We may have to accept specialization; a microwave powered craft to exit the atmosphere and a laser generator in orbit or on the Moon to power spacecraft outside the atmosphere. Leyk Mirabo, who developed the "Lightcraft" concept of using lasers to heat the atmosphere for orbital launches (and atmospheric flight as well, BTW) had also worked on using MHD systems embedded in the skin of the lightcraft to manipulate the atmosphere and power the craft that way was well. His vision, as I understand it, is orbiting solar power stations project microwave beams down to the craft, rather than ground based systems beaming up.

      This has a certain elegance as well; the power station is in orbit and can service ground targets when not powering launches, or can beam microwave energy to spacecraft in view in Earth orbit, reducing the need for on board power systems and making spacecraft lighter and simpler overall (ion or plasma engines use a microwave antenna to draw power rather than a heavy on board nuclear reactor).

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  4. Hm... In theory, for many designs the orbital laser facility would be most effective - lost of solar energy, no horizon or atmospheric problems...

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    1. Quite true. However, it will be the most expensive to set up.

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    2. True... Hm. I'm not laser expert by any means, but I could recall the concept of solar-pumped laser on iodine. I wonder: would such kind of laser be more cost-effective as orbital launch facility than more "conventional" solar-to-electricity lasers?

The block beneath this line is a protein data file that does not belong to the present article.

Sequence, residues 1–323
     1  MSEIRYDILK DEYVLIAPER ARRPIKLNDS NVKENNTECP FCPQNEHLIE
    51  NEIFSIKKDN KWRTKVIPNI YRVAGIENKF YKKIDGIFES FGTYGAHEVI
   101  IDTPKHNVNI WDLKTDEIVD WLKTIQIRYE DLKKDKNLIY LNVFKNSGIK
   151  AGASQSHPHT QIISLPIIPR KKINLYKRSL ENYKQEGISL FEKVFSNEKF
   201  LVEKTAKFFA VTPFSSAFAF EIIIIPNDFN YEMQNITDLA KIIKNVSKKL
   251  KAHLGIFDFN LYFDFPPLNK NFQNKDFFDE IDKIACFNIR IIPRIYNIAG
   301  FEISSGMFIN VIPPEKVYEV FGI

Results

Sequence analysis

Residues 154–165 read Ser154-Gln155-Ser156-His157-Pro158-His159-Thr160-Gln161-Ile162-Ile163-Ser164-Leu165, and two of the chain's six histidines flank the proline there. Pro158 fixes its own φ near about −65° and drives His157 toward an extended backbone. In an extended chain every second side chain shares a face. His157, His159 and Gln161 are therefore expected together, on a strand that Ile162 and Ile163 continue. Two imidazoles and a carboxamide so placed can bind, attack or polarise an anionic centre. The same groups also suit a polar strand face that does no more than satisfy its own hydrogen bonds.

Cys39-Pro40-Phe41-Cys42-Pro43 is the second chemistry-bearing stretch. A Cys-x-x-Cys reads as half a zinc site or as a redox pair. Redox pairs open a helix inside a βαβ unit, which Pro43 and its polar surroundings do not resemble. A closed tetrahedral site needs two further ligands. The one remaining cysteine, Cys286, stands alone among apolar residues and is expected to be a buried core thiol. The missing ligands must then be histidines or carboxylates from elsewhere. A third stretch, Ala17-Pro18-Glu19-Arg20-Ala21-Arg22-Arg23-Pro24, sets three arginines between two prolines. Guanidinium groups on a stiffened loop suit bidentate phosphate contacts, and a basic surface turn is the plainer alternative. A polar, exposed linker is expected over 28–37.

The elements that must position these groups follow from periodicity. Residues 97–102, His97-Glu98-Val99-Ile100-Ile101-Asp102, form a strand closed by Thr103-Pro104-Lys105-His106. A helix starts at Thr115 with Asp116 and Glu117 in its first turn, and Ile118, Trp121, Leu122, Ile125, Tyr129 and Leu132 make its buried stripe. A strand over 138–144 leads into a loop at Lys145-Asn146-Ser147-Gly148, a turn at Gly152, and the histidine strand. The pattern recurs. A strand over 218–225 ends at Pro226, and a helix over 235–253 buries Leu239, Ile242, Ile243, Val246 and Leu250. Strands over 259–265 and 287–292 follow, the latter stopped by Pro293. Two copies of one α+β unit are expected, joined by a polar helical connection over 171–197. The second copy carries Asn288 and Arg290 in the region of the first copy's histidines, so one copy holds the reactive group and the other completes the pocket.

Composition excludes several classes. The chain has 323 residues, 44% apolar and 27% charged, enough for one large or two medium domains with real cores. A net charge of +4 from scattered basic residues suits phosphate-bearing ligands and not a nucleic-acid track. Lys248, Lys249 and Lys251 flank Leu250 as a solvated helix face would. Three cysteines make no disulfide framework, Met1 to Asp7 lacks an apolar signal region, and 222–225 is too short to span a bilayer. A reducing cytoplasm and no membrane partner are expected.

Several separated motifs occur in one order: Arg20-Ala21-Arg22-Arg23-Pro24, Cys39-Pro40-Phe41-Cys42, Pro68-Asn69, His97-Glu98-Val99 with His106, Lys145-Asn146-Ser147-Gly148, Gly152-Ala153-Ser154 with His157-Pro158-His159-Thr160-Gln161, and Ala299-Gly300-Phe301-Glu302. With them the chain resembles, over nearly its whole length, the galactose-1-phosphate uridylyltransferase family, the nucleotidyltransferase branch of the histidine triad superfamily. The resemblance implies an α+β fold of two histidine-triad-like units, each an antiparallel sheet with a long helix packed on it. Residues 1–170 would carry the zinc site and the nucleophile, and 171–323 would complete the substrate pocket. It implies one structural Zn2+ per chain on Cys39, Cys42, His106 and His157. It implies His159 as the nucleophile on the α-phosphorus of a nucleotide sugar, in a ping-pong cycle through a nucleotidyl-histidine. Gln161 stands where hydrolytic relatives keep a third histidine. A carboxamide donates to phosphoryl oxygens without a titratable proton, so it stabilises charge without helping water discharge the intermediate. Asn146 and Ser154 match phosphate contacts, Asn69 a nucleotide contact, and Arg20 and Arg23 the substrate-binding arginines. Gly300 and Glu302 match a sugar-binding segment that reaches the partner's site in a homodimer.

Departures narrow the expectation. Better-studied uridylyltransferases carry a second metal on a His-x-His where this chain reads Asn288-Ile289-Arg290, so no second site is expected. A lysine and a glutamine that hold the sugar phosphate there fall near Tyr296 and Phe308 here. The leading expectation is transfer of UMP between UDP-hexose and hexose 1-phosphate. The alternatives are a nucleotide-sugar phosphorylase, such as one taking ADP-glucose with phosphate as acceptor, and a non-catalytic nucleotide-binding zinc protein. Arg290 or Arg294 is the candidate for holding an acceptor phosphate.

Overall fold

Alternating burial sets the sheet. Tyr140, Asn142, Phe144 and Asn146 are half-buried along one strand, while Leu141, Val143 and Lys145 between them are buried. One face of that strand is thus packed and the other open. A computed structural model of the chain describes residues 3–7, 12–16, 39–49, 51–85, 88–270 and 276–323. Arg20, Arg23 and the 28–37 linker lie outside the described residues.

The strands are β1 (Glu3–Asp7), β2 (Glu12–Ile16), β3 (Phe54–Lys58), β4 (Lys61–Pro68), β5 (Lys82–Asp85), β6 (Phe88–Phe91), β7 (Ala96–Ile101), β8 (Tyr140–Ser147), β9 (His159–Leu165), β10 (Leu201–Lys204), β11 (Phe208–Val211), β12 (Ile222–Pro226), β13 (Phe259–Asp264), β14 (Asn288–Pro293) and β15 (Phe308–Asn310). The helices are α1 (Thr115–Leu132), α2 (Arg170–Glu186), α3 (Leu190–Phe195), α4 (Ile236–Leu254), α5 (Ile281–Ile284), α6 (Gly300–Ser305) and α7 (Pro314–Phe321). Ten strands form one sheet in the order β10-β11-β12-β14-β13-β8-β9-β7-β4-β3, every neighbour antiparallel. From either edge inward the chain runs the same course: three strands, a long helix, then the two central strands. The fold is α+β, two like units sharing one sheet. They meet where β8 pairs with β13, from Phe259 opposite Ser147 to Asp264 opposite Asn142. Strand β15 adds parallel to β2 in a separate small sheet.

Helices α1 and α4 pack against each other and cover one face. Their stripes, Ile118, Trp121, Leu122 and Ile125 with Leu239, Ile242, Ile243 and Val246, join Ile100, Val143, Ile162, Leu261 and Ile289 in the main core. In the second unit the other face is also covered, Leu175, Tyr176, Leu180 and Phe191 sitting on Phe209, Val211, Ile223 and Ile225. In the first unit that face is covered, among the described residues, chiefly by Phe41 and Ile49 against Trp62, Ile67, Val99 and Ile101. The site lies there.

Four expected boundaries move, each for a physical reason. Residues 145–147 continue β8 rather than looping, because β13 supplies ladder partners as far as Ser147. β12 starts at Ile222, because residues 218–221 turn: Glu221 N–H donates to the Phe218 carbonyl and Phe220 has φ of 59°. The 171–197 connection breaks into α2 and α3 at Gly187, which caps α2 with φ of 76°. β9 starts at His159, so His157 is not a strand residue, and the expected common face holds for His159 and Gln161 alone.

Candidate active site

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    3. http://ieeexplore.ieee.org/document/1073096/

      An old concept with maximum theoretical efficiency of 0.2%.... it won't ever be cost effective if electrical power stations are sitting on the ground, just 100km away.

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  5. How possible is it for a laser to produce an atmospheric distortion? Diffraction for anti- laser work, for example.

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    1. Took some searching, but I found an article on the concept: http://www.nextbigfuture.com/2017/01/bae-wants-to-enhance-reflective.html

      BAE trusts that they can do it, so I think it is possible.

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  6. This conversation reminds me of Starshot. The concept seems sound, but yet very power consuming, and would require almost microscopic accuracy. Can we be so accurate to have something moving with Earth, blast a ray at an object in space moving differently? Then have it launch said object in a desired direction at a desired speed, compensating for fluctuations and weather in the atmosphere. Then where to locate the ground based lasers. I read that starshot will do it from the Equator, but if you're going celestial south (to Alpha C.) that's a lot more atmosphere to penetrate, compared to shooting it from New Zealand. Wouldn't putting that laser on a rocket be far better, and fire from much closer? How nice it would be if it worked.

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    1. You're missing a critical point: the probe reaches its final velocity in two minutes. 60000G-force applied by a 100GW laser to a 1 gram micro-chip.

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  7. I thought it was more like 2 seconds. I can't imagine a laser can stay in that sail for two minutes. Yet still one zap is all we get. If it's not exact, then hello Banard's Star, or wind up in the middle of lost in space.

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  8. Issac Arthur takes the idea to "11": https://www.youtube.com/watch?v=oDR4AHYRmlk

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    1. A version extended into interstellar space? Excellent!
      I've been watching his videos recently. Slowly, because each one is quite long, but soon I'll be able to comment directly on a recent video.